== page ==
Before using any woodworm treatment, be sure to check whether you need to keep it away from pets, children or whether you need to exit your home for a specific period after use.

Let’s take a quick look at each species of woodworm and how to go about treating your doors:

Common Furniture Beetle

These wood-boring insects won’t burrow too far into your door, laying their eggs just below the surface instead. They also don’t eat the timber, rather they just use it as a place for their larvae to hatch.

Because of how close to the surface they are, typical woodworm treatment for common furniture beetles include:

  • Lignum Pro I62.5 Insecticide.
  • Lignum Woodworm Killer.
  • WoodGuard Insecticide.
  • Wykamol Microtech Insecticide.

Deathwatch Beetle

Deathwatch beetles prefer harder woods, so it’s worth keeping an eye out for these if your doors are made of oak or elm. They are also attracted to dampness, so if you can install ventilation near your doors, you have a better chance of diverting these insects elsewhere.

If you’ve discovered gritty frass that’s disc-shaped, and have maybe heard tiny tapping sounds then this is most likely the type of infestation you’re contending with.

Woodworm treatment for this species include:

  • Lignum Pro Gel
  • Lignum Pro I62.5 Insecticide.

House Longhorn Beetle

If your doors are made of timber, keep an eye out for House Longhorn Beetles, as they can be particularly pesky and cause significant damage, especially softwood timber.

While the adult beetles don’t tend to feast on the wood, the larvae do. The emergence holes for this species are irregular and ragged, and the gaps tend to merge into one creating a powdery type of material.

You can treat a House Longhorn Beetle infestation with the following:

  • Lignum Pro Gel
  • Lignum Pro I62.5 Insecticide.
  • Lignum Woodworm Killer.
  • WoodGuard Insecticide.
  • Wykamol Microtech Insecticide.

Wood-boring Weevil

These species love damp wood, whether its hard or softwood that’s decaying and/or also suffering from a fungus infestation. They have also been known to target plywood in similar conditions.

With that in mind, you’re more likely to find a wood-boring weevil infestation on doors in poorly ventilated spaces or within damp flooring; such as doors leading down to cellars.

Exit holes for this variety of woodworm often follow the same direction as the grain and are ragged and small.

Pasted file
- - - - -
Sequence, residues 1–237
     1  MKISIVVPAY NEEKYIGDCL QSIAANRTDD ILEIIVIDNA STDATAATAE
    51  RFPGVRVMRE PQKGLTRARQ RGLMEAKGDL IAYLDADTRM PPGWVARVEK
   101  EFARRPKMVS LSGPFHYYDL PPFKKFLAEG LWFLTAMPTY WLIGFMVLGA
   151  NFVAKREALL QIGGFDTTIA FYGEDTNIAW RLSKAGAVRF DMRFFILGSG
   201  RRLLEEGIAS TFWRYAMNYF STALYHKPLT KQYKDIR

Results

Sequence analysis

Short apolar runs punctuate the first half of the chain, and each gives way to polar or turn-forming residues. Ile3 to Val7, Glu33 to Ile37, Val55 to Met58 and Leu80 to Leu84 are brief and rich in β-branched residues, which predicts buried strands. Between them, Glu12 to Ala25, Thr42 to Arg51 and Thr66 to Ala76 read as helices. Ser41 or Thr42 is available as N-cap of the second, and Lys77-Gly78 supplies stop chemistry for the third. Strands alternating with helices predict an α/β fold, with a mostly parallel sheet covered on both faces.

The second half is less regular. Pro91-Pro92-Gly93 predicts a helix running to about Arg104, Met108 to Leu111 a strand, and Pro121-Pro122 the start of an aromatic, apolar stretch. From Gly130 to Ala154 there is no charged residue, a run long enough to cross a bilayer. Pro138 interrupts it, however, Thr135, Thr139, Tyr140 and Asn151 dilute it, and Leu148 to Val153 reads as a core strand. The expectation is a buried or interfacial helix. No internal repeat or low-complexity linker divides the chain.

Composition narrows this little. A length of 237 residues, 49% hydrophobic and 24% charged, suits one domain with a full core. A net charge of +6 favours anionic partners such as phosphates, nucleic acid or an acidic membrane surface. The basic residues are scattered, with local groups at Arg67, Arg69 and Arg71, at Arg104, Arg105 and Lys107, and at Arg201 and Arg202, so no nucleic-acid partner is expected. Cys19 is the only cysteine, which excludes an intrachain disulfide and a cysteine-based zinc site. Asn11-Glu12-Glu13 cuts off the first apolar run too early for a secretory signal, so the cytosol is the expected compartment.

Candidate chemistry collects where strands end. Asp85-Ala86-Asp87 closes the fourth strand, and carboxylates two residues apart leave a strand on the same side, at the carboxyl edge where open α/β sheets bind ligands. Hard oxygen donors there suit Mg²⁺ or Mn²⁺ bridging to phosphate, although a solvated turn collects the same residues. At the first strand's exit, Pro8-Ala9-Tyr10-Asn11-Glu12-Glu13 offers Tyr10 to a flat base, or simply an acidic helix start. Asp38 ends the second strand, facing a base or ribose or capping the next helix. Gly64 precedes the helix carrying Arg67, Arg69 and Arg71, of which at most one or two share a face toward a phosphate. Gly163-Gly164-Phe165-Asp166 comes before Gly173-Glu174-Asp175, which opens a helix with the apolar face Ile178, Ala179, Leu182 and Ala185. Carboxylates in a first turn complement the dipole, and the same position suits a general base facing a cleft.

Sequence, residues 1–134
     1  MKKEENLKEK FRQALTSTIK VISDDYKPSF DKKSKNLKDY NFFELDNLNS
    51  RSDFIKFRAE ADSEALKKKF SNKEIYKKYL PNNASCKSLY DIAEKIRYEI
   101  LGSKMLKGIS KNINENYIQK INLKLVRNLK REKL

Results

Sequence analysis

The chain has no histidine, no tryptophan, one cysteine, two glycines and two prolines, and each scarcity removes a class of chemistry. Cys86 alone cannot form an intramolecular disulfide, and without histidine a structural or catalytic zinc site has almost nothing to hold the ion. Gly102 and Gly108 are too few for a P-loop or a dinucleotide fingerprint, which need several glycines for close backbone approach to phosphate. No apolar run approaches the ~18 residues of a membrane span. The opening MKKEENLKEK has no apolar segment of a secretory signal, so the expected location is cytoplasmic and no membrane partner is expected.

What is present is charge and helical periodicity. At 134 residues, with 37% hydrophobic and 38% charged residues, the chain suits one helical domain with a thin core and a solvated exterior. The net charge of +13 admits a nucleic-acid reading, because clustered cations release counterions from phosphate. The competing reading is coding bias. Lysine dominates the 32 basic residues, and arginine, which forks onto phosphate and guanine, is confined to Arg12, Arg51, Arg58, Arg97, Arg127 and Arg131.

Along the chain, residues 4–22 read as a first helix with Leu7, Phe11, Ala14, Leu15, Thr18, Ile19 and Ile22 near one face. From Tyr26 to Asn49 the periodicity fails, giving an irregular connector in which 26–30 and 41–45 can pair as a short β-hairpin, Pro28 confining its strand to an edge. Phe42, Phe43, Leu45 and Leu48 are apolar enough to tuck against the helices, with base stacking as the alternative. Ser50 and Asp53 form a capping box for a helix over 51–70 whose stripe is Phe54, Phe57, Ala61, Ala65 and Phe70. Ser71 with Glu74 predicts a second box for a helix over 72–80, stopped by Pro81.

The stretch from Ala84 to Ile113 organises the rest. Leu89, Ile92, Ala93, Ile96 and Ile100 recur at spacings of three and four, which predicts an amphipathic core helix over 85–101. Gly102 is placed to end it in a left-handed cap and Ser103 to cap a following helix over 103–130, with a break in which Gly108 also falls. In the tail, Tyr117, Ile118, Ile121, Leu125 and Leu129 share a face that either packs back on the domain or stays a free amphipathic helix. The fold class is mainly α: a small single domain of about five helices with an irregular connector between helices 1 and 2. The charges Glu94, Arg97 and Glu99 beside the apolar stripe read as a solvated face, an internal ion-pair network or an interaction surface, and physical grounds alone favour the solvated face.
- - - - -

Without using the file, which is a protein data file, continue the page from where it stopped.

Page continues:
Rather than treat the wood, it’s recommended that you either dry out the infested door, essentially making it uninhabitable, or replace the door entirely.

Can I Treat Woodworm Myself?

You can treat woodworm yourself using the methods mentioned above, however, if you have a significant problem, or your treatment methods aren’t working as you had hoped, it may be better to seek help from a specialist.

How do I know if the woodworm treatment has been effective?

Once you’ve treated the infestation, you’ll want to be as sure as possible that nothing will be rearing its head and causing more damage to your door.

You can check this by simply placing a piece of paper under your door and checking for remnants of dust falling onto it. If this happens, then unfortunately you still have active woodworm living in your doors. If not, then the treatment has been successful.

Can you fill woodworm holes?

Yes, you can. Filling in the exit holes once you’ve treated the woodworm infestation is a great way to restore your door (close) to its former glory. Here are a couple of options:

Fill the small round holes with a wax stick

These are available in different shades so you can select the one that’s closest to your door. Simply apply liberally and buff with a cloth. You can do this as many times as you need to fill the gaps left by the infestation.

Use wood filler to salvage your door

You can purchase a professional wood filler and, using a filling knife, apply it to the holes on your door following the instructions on your chosen brand of wood filler (it may need to be mixed with a hardener, for example). Once the door is dry, sand it down with medium-grade sandpaper.

Wooden internal barn style door

How To Prevent Woodworm

Whether you’ve just treated a woodworm problem or are looking to take preventative measures, there are a few things you can do to prevent the insects from returning or coming in the first place. These include:

  • Removing humidity near your doors through heating and ventilating.
  • Treat any damp within or near your doors as soon as possible to stop it from attracting woodworm.
  • Apply a wood preservative to your door that specifically targets the prevention of woodworm.

If your woodworm problem has resulted in a highly damaged door, perhaps now is a good time to upgrade to something new. At Vibrant Doors, we stock a wide variety of internal doors to complement any aesthetic.